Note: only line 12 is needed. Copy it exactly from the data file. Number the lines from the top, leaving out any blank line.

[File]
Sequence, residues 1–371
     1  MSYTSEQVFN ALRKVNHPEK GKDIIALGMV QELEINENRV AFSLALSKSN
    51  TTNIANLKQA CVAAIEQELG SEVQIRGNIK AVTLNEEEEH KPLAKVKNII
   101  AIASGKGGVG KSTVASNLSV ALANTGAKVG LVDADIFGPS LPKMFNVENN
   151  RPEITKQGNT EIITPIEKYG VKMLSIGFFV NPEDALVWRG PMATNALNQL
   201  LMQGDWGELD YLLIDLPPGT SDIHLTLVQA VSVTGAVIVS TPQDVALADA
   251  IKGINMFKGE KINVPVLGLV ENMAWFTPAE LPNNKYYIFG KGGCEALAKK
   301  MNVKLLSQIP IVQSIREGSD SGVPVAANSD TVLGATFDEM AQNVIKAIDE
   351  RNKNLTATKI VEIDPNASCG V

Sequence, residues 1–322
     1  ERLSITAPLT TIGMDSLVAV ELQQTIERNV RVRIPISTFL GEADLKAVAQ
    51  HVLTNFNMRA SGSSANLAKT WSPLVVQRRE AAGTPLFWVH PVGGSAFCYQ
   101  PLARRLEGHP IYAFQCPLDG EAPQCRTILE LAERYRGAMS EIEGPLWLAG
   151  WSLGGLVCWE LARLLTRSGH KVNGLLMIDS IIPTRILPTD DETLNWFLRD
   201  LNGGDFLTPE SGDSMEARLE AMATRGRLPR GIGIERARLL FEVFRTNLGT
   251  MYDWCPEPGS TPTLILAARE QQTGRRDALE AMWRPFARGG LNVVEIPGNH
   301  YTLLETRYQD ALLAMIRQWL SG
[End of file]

    51  HVLTNFNMRA SGSSANLAKT WSPLVVQRRE AAGTPLFWVH PVGGSAFCYQ